Brown Spots/Age Spots/Freckles

 

What are age spots?

Age spots are also known as sun spots, liver spots, freckles, or lentigines. These lesions are flat, tan, brown, or dark brown spots on sun-exposed skin. As people age, sun spots most commonly appear on the backs of the hands, the forearms, neck, chest, and face.

Sun spots are associated with cumulative sun exposure (sun damage). The pigment producing cells in the skin (called melanocytes) are activated to produce more pigment (melanin) by ultraviolet rays. While these spots are not themselves cancerous, you may be at risk for skin cancer if you have them.

It is important to distinguish the harmless sun spot or lentigo from an early malignant melanoma. If the freckle has developed recently, has more than one color or irregular borders or if you have any doubts, that spot needs to be examined by a dermatologist.

Seborrheic keratoses are another type of benign brown marks on the skin that are raised, scaly, warty or look stuck-on.  Family history and sun exposure are believed to play a role in their development.

What causes age spots?

Age spots increase with age and with increased sun exposure. They are a form of sun damage.  They are more common in people who freckle or burn easily. 

What do age spots look like?

Age spots — also called liver spots and solar lentigines — are flat, gray, brown or black spots. They vary in size and shape and usually appear on the face, hands, chest, shoulders and arms — areas most exposed to the sun. Though age spots are very common in adults older than age 40, they can affect younger people as well depending on the amount of sun damage their skin has received.

True age spots are harmless and don't need treatment, but they can look like cancerous growths. As a rule, anyone over 12 years of age should have a full-body skin examination once a year or more often, depending on their individual risk factors for skin cancer.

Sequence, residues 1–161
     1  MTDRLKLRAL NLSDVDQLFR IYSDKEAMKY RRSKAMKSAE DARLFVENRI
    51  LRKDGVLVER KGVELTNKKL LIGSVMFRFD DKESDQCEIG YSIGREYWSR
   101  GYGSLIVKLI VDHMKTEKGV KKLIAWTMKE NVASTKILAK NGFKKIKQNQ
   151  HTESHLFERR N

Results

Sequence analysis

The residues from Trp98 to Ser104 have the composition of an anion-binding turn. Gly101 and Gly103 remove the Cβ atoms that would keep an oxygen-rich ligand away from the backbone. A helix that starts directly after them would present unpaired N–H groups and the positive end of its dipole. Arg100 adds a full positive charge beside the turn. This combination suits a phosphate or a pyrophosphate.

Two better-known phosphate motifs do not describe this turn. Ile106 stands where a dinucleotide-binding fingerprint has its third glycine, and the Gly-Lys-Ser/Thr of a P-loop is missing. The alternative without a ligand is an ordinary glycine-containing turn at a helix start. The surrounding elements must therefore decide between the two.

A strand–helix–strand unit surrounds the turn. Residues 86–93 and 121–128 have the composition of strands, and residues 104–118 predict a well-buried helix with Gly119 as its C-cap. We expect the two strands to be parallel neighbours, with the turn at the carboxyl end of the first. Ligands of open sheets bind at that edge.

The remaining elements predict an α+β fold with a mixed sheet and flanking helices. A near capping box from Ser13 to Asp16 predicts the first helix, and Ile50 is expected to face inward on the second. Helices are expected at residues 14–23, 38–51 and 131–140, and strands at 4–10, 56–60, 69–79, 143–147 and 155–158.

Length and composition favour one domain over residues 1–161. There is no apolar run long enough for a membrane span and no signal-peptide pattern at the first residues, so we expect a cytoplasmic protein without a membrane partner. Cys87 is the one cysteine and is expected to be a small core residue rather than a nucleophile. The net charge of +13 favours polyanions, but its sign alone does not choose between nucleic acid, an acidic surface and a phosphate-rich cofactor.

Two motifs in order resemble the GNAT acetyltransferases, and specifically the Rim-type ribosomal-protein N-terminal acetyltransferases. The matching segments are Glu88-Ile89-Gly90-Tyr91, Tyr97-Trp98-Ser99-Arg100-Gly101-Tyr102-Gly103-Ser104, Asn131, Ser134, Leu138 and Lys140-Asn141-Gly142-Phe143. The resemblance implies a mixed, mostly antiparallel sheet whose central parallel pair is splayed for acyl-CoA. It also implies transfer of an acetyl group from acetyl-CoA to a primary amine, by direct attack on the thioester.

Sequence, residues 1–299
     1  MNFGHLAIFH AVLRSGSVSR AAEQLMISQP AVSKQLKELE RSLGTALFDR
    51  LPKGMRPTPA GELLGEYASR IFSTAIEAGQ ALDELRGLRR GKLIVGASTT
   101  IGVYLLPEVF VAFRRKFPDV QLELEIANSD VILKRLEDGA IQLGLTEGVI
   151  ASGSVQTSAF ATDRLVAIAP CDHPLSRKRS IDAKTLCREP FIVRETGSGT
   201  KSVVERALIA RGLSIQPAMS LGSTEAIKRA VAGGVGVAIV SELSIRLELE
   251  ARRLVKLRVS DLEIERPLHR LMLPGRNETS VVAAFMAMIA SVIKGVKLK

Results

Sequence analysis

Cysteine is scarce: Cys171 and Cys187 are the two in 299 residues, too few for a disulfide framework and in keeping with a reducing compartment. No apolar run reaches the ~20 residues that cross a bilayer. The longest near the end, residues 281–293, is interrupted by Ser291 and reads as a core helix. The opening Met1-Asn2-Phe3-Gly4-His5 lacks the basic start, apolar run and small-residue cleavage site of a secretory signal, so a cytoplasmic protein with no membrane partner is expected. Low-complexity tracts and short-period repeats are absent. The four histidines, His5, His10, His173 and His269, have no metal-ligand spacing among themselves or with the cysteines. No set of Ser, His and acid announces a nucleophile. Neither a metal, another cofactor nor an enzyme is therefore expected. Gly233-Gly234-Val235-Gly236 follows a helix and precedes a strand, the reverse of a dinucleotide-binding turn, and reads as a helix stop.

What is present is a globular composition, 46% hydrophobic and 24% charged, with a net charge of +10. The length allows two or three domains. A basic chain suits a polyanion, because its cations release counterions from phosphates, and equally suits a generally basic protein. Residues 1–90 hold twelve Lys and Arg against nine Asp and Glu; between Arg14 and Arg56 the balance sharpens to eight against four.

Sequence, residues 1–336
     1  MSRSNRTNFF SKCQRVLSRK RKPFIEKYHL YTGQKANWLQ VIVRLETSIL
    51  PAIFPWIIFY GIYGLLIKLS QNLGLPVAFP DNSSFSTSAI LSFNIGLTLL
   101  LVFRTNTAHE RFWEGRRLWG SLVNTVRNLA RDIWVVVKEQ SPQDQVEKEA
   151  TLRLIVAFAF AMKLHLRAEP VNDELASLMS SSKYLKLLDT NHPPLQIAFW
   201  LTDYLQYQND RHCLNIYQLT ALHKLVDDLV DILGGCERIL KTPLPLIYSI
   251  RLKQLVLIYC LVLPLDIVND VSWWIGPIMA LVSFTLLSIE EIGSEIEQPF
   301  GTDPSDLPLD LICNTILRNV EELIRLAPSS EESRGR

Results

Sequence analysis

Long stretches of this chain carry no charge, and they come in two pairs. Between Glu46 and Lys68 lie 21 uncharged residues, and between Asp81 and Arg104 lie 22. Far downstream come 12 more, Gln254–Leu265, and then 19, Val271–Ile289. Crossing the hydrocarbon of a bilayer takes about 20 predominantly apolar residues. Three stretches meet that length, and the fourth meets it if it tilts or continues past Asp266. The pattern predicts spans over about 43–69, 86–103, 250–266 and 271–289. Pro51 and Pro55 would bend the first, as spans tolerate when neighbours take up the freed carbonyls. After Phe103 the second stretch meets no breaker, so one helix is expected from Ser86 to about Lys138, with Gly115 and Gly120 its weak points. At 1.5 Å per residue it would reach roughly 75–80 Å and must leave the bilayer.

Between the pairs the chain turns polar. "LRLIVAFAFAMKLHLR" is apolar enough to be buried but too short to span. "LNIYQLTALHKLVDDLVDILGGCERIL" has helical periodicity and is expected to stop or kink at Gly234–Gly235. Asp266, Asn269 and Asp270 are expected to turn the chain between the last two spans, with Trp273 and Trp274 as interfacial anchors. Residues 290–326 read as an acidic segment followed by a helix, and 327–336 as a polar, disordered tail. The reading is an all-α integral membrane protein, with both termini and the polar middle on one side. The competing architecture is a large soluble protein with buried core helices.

Photos courtesy Global Skin Atlas and Dermquest.com

For pictures of malignant melanoma, please visit our Skin Cancer page.

Treatments for age spots

The best treatment for age spots is prevention.  Using a broad-spectrum sunscreen regularly will go a long way to preventing sun damage, wrinkles and age spots and dramatically decrease the risk of skin cancer.

Other treatments for age spots offered at Summit Medical Group Dermatology

  • Bleaching creams, alone or in combination with retinoids
  • Cryotherapy (freezing with liquid nitrogen)
  • Broad Band Light photorejuvenation
  • Laser therapy with MicroLaserPeel
  • Chemical peels

To schedule an appointment with Dr. Altman, please call Summit Medical Group Dermatology at (908) 277-8668.

Summit Medical Group provides medical, surgical, and cosmetic dermatology for women, men, and adolescents in the tri-state area, including New York and New Jersey as well as Essex County, Morris County, Bergen County, Union County, Passaic County, Somerset County, Sussex County, and Livingston, NJ; Millburn, NJ; Short Hills, NJ; West Orange, NJ; Berkeley Heights, NJ; Caldwell, NJ; Cedar Grove, NJ; Cedar Knolls, NJ; Chatham, NJ; East Hanover, NJ; Englewood Cliffs, NJ; Essex Fells, NJ; Fair Lawn, NJ; Florham Park, NJ; Fort Lee, NJ; Glen Ridge, NJ; Jersey City, NJ; Kennelon, NJ; Madison, NJ; Maplewood, NJ; Mendham, NJ; Montclair, NJ; Montvale, NJ; Morristown, NJ; New Providence, NJ; North Caldwell, NJ; Parsippany, NJ; Randolph, NJ; Roseland, NJ; South Orange, NJ; Springfield, NJ; Summit, NJ; Union, NJ; Verona, NJ; West Caldwell, NJ; Whippany, NJ; and Westfield, NJ.

 



 

 

Real Self

A Member of the ASLMS
© Copyright 2012 - Summit Medical Group - All rights reserved :  Privacy Policies & Disclaimers  :  Site Map
Disclaimer: The information on this Web site is solely for to educate patients. It is not intended to be medical advice and, therefore, should not be considered a substitute for consultation with a qualified medical professional. Communications to or from the Summit Medical Group Web site and any person will not be used to establish a relationship between a patient and doctor.